Why Are Wesleyans Starting New Churches?

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As Christians with a Wesleyan heritage, we are not starting new faith communities and churches to compete with the Baptist, Assembly of God, or Latter Day Saints. Nor are we starting new churches to ensure the survival of a denomination. Rather, Wesleyans are starting new faith communities and new churches across the land because it is the Wesleyan thing to do.

New church planting is faithful to our DNA as Wesleyans. John Wesley and his early companions (Francis Asbury, Philip William Otterbein, Martin Boehm, and Thomas Coke) all had a passion to disciple those who were already active in church. But their passion didn’t stop at the church doors. They also had a passion to disciple those outside of the church walls; for the downtrodden; and, for the lost who needed a Savior. That passion drove them to give their time and energy to preach outside in the city parks; to preach by the exit doors when the factory shift changed; to preach at the coal mine entrance at 5am as miners walked to work; and to send circuit riders out into the wilderness of the American Colonies looking for settlements that did not yet have a church.

It is faithful to our DNA as Wesleyans to start new churches and new faith communities with a passion for those in our pews, and a passion for those who are not yet in any pew. For me, a second compelling reason comes from Jesus’ invitation found in Luke 15. In Luke 15, a crowd was wondering why Jesus was spending so much time with sinners and outcasts. Jesus turned to his objectors and told them a parable. He said, “Suppose one of you has a hundred sheep and loses one of them. Do you not leave the ninety-nine in the open country and go after the one lost sheep until you find it? And when you find it, you joyfully put it on your shoulders and carry it home.

You call your friends and neighbors together and say, ‘Rejoice with me; I have found my lost sheep.’ I tell you, that in the same way, there will be more rejoicing in heaven over one sinner who repents than over ninety-nine righteous people who do not need to repent.”

That parable compelled me to start a the new church in Conway, Arkansas. Today, Luke 15 compels me to be part of a movement to start 1,000 new Wesleyan churches across American by 2016. I believe that there will be rejoicing in heaven as these new churches search and find the ‘lost sheep.’

A third compelling reason for me comes from Jesus’ command found in Matthew 28. In Jesus’ parting words before He returned to heaven, Jesus said, “…Go and make disciples of all nations, baptizing them in the name of the Father and of the Son and of the Holy Spirit, and teaching them to obey everything I have commanded you.”

Those words are called “The Great Commission.” I believe we should start new churches and new faith communities because we have a great commitment to the great commission. Our local churches are invited not only to make disciples at home in ‘Jerusalem’ but also to start new churches in ‘Judea and Samaria’ (Acts 1:8). We are also faithful when we follow the pattern of the Antioch church (Acts 13), sending our pastors to start new churches in new mission fields across town and across the state.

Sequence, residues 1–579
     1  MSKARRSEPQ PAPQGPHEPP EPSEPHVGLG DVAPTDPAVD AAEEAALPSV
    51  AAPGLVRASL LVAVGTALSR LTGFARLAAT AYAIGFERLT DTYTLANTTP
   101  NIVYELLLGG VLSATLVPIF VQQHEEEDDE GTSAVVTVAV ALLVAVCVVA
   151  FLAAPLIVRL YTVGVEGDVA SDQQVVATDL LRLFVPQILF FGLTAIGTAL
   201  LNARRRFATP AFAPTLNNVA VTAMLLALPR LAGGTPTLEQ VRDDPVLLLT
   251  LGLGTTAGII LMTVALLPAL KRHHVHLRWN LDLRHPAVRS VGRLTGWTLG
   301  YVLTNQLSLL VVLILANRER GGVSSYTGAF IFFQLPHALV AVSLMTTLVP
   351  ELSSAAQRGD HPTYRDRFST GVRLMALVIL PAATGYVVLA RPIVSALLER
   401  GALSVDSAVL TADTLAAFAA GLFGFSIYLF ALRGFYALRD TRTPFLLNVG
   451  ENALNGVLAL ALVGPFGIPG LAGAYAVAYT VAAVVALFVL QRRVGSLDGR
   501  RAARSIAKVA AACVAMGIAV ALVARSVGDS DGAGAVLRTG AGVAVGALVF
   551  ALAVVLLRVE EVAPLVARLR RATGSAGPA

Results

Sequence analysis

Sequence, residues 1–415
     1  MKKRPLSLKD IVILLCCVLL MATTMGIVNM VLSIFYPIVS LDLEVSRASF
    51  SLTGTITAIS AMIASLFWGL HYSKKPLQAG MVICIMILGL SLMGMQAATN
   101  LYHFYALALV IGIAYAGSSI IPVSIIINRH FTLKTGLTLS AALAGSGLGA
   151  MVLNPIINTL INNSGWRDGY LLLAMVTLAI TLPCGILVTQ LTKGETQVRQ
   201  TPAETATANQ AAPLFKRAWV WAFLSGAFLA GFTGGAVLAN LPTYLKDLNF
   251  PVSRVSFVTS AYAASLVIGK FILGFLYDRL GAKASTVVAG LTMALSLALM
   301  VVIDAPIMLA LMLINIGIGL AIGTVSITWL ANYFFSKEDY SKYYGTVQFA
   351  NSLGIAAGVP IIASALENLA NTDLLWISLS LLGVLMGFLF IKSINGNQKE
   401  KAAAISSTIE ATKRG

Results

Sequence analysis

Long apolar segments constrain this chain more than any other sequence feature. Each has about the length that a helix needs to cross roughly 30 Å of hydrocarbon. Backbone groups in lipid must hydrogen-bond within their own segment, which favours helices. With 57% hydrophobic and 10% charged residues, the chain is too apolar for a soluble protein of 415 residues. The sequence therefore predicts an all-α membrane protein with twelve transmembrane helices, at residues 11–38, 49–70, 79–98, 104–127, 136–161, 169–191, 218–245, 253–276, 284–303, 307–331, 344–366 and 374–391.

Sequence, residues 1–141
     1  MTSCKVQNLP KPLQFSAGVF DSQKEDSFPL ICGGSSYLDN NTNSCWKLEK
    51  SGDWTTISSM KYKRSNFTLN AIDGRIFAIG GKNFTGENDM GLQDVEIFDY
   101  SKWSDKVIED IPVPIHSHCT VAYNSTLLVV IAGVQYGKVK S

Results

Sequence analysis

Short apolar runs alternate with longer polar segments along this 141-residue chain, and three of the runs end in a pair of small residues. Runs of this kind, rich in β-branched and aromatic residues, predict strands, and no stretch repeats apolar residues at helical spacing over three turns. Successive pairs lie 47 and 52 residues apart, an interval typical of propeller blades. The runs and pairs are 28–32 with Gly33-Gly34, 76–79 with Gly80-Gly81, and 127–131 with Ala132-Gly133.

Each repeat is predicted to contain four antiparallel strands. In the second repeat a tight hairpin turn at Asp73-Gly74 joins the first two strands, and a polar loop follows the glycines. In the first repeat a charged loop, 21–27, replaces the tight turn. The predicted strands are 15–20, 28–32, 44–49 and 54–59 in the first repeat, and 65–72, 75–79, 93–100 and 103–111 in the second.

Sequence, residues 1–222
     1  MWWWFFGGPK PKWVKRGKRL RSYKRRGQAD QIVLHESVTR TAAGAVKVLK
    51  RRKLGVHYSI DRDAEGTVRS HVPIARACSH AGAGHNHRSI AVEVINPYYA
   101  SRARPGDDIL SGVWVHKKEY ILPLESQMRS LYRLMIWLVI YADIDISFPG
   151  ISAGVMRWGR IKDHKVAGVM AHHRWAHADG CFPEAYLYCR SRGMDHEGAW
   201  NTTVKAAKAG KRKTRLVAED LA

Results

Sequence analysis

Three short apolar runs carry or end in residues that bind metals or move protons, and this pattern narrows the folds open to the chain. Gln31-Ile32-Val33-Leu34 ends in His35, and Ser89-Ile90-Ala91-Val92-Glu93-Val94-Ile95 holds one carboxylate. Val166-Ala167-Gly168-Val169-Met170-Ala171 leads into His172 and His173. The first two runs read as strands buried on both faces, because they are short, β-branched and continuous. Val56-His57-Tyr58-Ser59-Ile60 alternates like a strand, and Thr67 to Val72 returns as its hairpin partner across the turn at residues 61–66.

A fourth compelling reason for me is the fruit we are already witnessing in the early stages of this recently revived Wesleyan church planting movement. There is an interesting fact about new churches. We may wish it were not this way, but it seems to be true. Steve Compton for the United Methodist Church and Kirk Hadaway for the Southern Baptist Church have studied the effect of establishing new churches in both denominations. They discovered that in the first thirty years of existence, a new church grows faster and witnesses more professions of faith than established congregations. Compton and Hadaway propose to us, that if we want to accept Jesus’ invitation to find the lost sheep, to be about the business of welcoming the prodigal sons & daughters back home, or to obey Jesus’ command to make new disciples – one of the best ways to do that is to start new churches.

Years ago, Lyle Schaller proposed a dozen reasons why a central component of any evangelistic strategy should be to plant new churches (44 Questions For Church Planters, pp. 13 – 36).

If we are called by this variety of sources to have a missionary heart for the unchurched, how do we best reach the unchurched? We reach them every way we can, and every time we can.

Lyle Schaller proposes that a denomination needs to start 1% new churches (one new church for every 100 existing churches) each year to offset those churches that disband or “move into the terminally ill stage of their institutional life.” Schaller also proposes a goal was for substantial growth, would be to start between 2% to 3% new churches each year (two to three new churches for every 100 existing churches).

I am thankful that revitalization of our existing churches is a priority in our Wesleyan conferences. I am also thankful that so many Wesleyan conferences and local churches are catching the vision to support the planting of NEW faith communities to spread spread Scriptural Holiness across the land.

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Rev. Bob Crossman has over 35 years of experience as a pastor and has served as pastor or staff member in congregations from 13 to 3000 members. As Director of the New Church Leadership Institute for the Arkansas Conference of the United Methodist Church and a Ministry Strategist with Horizons Stewardship, he conducts workshops across the country on topics of wholistic stewardship, developing a vision, and overcoming growth barriers in a range of settings from new church starts to established congregations.

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